It starts by formulating a testable and focused hypothesis that defines the existence of a threat to the organization based on the existing TTPs of threat actors. Threat hunters then try to find evidence using log analysis and other threat-hunting techniques to reject or accept the hypothesis.
If they find evidence of this existence, the hunters can quickly provide remedies.
2. Using known IoCs and IoAs
Indicators of attack (IOAs) are the indicators that show what the attacker is trying to do. Indicators of compromise (IOCs) are the evidence that shows breaches in computer systems and networks.
Using this threat intelligence, threat hunters can actively check for the existence of those known indicators — which could then become trigger points to activate threat prevention mechanisms.
(Check out the MITRE ATT&CK Framework, the go-to repository for known cyberattack behaviors.)
3. Big data processing & ML-based threat hunting
When there is a large amount of data logs for analysis, threat hunters can use big data processing techniques and clustering methods to find patterns indicating possible cyber threats. Machine Learning models can help to quickly identify known attack patterns.
4. Situational-based threat hunting
Situational-based threat hunting focuses on high-priority targets like:
- CISOs, IT managers, administrators, domain controllers, etc.
- Critical computing resources
Attacking these high-value targets can benefit the attackers. The behavior of such attackers can differ based on these high-value individuals and computing resources.
Threat Detection Methods
Now let’s look at some common ways to detect threats.
1. Threat detection using behavior analysis
Threat detection tools described throughout this article relies heavily on behavioral analysis. Unlike attackers' activities in threat hunting, this user behavior analytics software monitors the systems and networks, analyzing the existing user activity.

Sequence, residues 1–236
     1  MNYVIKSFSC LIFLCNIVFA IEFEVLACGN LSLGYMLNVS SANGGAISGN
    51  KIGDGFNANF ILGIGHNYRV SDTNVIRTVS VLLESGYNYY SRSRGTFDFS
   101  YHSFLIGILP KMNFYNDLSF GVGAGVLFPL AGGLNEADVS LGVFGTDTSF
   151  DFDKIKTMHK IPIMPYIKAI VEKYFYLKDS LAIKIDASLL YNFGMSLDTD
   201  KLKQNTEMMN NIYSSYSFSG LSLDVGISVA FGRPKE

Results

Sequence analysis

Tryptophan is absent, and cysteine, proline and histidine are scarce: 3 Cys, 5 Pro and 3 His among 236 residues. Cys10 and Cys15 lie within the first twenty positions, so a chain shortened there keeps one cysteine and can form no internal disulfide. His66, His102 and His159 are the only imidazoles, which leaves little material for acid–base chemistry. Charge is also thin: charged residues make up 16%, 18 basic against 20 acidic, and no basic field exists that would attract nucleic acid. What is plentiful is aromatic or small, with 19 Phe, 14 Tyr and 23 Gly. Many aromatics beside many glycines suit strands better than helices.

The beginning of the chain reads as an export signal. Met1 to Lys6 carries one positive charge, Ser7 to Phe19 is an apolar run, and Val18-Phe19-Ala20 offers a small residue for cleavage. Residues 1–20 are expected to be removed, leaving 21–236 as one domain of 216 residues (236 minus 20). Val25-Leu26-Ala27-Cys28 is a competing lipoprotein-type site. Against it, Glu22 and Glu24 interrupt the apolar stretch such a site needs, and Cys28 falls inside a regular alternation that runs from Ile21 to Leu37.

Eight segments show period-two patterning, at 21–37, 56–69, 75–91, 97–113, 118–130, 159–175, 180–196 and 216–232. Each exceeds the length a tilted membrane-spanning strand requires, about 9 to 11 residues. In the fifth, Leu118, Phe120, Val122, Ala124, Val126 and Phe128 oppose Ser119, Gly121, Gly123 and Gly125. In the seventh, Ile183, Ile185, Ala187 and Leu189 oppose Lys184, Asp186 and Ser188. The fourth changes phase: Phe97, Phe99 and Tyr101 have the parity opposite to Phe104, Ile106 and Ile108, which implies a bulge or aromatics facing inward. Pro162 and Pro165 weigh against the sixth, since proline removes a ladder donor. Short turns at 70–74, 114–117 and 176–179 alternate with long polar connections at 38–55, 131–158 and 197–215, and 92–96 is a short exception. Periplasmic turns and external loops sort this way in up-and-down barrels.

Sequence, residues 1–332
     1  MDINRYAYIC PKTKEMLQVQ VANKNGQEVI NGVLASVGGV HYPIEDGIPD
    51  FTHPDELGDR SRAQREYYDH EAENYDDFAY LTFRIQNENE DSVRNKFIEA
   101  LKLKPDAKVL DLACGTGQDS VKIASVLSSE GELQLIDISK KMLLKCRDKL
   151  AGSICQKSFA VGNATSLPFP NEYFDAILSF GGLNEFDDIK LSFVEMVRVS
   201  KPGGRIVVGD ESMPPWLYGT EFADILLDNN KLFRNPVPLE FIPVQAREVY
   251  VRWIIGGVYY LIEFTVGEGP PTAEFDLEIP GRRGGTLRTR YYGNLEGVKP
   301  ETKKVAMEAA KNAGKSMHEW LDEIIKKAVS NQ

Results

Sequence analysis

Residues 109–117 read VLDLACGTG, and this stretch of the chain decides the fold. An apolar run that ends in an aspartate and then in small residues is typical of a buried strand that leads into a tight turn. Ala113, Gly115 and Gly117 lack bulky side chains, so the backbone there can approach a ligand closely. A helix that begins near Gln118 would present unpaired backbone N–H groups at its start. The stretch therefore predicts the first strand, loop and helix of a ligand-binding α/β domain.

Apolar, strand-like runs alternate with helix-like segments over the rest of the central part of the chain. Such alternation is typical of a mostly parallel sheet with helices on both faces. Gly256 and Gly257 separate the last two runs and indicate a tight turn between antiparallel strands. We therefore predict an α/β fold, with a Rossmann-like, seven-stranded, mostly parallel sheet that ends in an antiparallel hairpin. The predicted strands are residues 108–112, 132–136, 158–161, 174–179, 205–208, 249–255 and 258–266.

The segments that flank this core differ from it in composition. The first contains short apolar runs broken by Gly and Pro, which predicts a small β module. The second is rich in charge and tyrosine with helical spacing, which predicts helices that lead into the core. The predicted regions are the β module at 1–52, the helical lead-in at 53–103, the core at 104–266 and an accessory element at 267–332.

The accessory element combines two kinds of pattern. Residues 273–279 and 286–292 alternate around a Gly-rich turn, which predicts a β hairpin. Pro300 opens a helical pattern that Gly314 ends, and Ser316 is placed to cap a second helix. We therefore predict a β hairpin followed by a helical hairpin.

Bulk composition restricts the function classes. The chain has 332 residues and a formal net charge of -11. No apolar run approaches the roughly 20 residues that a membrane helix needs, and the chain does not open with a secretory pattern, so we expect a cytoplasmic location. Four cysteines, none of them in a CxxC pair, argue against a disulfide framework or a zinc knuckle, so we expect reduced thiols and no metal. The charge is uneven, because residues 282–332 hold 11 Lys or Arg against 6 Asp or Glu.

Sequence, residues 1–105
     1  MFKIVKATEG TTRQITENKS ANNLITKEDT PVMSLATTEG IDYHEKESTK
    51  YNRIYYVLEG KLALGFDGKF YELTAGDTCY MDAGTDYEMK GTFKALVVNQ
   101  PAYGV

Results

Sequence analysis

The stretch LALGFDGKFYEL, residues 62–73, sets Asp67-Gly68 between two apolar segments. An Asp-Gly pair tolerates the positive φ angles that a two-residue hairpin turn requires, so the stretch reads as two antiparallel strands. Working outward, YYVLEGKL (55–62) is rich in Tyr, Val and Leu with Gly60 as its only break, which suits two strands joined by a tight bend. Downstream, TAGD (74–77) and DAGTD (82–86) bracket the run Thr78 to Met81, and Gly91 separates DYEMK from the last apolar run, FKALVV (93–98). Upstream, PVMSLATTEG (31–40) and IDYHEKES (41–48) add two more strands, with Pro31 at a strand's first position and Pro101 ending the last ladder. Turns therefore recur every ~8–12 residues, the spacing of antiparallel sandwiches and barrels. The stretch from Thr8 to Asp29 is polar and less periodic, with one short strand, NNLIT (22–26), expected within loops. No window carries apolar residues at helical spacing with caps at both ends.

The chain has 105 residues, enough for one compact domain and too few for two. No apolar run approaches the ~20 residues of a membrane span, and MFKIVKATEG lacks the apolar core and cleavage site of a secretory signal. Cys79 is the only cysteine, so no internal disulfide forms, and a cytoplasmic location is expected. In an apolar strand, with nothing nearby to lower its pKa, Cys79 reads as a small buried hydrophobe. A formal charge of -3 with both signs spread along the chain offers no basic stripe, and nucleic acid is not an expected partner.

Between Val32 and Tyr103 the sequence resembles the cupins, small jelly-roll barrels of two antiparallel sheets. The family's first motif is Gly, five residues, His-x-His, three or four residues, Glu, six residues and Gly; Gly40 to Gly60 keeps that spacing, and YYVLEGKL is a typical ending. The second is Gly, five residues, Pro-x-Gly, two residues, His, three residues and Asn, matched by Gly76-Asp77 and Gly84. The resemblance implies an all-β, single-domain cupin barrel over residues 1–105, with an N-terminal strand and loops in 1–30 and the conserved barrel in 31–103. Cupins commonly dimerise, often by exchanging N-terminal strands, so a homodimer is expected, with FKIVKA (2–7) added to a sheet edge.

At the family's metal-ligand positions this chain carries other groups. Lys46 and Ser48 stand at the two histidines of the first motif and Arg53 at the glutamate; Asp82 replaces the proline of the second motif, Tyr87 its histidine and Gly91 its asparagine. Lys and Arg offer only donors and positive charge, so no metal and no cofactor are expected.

Using reference data points, such threat detectors can find user behaviors that deviate from normal — for example, when a user visits an unusual website or downloads unusual software.
2. Threat intelligence
Threat intelligence is the knowledge you gather via past cyber incidents. Such knowledge helps to quickly isolate the known attacks and identify attack-specific prevention methods. Threat detectors use such collected signature data to compare the suspicious attack behaviors with known data to verify their existence and quickly mitigate the threat.
(Read our complete threat intelligence guide.)
3. ML-based threat detection
As with threat-hunting methods, ML is also integrated into threat-detection tools and technologies. For example, intrusion detection systems use ML models — Random Forest, Decision Trees, and support vector machines — which can detect known attack patterns with high accuracy in real-time and stream data like network traffic logs.
4. Using intruder traps
Another technique threat detectors leverage is intruder traps. These are like baits that attackers will be attracted to, not knowing their true purpose. For example, the traps would contain false credentials, typically known as ‘honey credentials,’ which are critical for attackers to access a system and compromise sensitive data. If attackers use these credentials to tap into a system, threat detection systems trigger alerts so that security teams know a potential attacker has been found.
(Check out our honeypot explainer.)
The goal is mitigating threats
Threat hunting and detection are critical for any organization that aims to achieve a thorough defense mechanism against existing and emerging cybersecurity threats.